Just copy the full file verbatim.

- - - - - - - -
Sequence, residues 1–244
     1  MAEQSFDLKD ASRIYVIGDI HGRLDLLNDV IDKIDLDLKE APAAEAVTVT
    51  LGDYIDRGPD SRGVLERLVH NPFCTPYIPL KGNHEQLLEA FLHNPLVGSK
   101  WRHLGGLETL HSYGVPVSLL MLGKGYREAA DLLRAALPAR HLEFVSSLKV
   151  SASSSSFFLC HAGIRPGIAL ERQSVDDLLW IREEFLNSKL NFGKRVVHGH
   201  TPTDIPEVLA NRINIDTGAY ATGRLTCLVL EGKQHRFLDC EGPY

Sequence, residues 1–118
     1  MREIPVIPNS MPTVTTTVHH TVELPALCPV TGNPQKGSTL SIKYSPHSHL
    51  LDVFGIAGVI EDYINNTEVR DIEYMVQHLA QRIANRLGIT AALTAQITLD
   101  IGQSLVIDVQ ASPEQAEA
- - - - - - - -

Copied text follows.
Sequence, residues 1–244
     1  MAEQSFDLKD ASRIYVIGDI HGRLDLLNDV IDKIDLDLKE APAAEAVTVT
    51  LGDYIDRGPD SRGVLERLVH NPFCTPYIPL KGNHEQLLEA FLHNPLVGSK
   101  WRHLGGLETL HSYGVPVSLL MLGKGYREAA DLLRAALPAR HLEFVSSLKV
   151  SASSSSFFLC HAGIRPGIAL ERQSVDDLLW IREEFLNSKL NFGKRVVHGH
   201  TPTDIPEVLA NRINIDTGAY ATGRLTCLVL EGKQHRFLDC EGPY

Sequence, residues 1–118
     1  MREIPVIPNS MPTVTTTVHH TVELPALCPV TGNPQKGSTL SIKYSPHSHL
    51  LDVFGIAGVI EDYINNTEVR DIEYMVQHLA QRIANRLGIT AALTAQITLD
   101  IGQSLVIDVQ ASPEQAEA